Note if you just use | you get mathord spacing, which is different from the spacing you'd get from paired mathopen/mathclose delimiters or from \left/\right even if \left/\right doesn't stretch the symbol. Personally I prefer the left/right spacing from mathinner here (even if @egreg says I'm generally wrong:-)



$  \log|x||y|b $

$  \log\left|x\right|\left|y\right|b $

$  \log\mathopen|x\mathclose|\mathopen|y\mathclose|b $


enter image description here


One can also use commath package.



\[ \norm{a \vec{u}} = \abs{a} \, \norm{\vec{v}} \]

enter image description here

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    +1 for this one, as it includes the semantics and has a relatively short syntax. – Martin Thoma May 28 '15 at 19:28
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    The spacing is somehow bad when used as subscript. The \abs{} of physics is the better choice in my opinion. – fyaa Nov 21 '16 at 9:43

The physics LaTeX package also implements abs and norm:



    \[ c = \abs{-c} \]
    \[ \vu{a} = \frac{\vb{a}}{\norm{\vb{a}}} \]

enter image description here

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    I think this is the easiest solution! – Tropilio Feb 27 '18 at 11:23

A simple, LaTeX native way of doing this is by using the \| delimiter, with the standard \left and \right modifiers (source).

For example:

\left\| \sum_{i=1}^{n} x^2 \right\|


enter image description here

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    Also: using the | delimiter (without the preceding backslash) inserts a single vertical bar. – pietrodn Aug 11 '17 at 12:06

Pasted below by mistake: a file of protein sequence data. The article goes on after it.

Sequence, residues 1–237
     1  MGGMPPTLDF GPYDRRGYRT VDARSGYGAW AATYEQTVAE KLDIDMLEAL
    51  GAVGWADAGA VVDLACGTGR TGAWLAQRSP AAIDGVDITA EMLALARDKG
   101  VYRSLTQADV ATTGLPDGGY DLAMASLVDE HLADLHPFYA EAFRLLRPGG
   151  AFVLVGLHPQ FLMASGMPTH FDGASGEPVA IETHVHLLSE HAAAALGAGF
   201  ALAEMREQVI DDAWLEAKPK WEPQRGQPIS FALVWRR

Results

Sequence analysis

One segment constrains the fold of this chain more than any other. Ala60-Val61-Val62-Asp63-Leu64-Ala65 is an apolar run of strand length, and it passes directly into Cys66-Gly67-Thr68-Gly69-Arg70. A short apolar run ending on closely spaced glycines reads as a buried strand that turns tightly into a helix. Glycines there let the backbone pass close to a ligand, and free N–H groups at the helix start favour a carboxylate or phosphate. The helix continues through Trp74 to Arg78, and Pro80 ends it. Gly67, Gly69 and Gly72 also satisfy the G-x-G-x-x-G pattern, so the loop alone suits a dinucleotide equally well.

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    For fun try \|+a\|, as you can see this is wrong, and thus generally users should not just use |...| or \|...\| as they may accidentally come into situations where this is wrong. I'll leave it as an exercise why this happens. Plus in your example the fences does not need to be that tall. – daleif Aug 11 '17 at 12:11
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    With \|+a\| the spacing appears to be wrong, but with \left\|+a\right\| it appears to be fine. – pietrodn Aug 11 '17 at 12:19
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    Correct because one is left and the other is right. But \left and \right should only be added when actually needed (which is actually not often). My complain to your answer is that it is not good in general, for reasons that are explained in comments to other answers in this thread. – daleif Aug 11 '17 at 12:22
  %begin equation
\lVert w \rVert
%end equation

enter image description here


For LyX users: maybe I have just overlooked how to do it correctly, but I couldn't find a way of doing this natively.

I thus used a 1x1-Matrix environment and set the kind to determinant. It might just be a hack, but it works fine in my usecase.

  • At least in the case of Lyx 2.1.4, I find that I can simply type \lvert and \rvert into my display formula and Lyx "does the right thing." In my specific case I want absolute value bars around a fraction, so I used \bigg\lvert on the one side and \bigg\rvert on the other side. – Greg Hill Apr 17 '19 at 3:48

If you don't want to use any package, use \mid.

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    \vert doesn't require any package either, and the spacing isn't as awful as with \mid. – Phelype Oleinik Feb 27 '20 at 23:26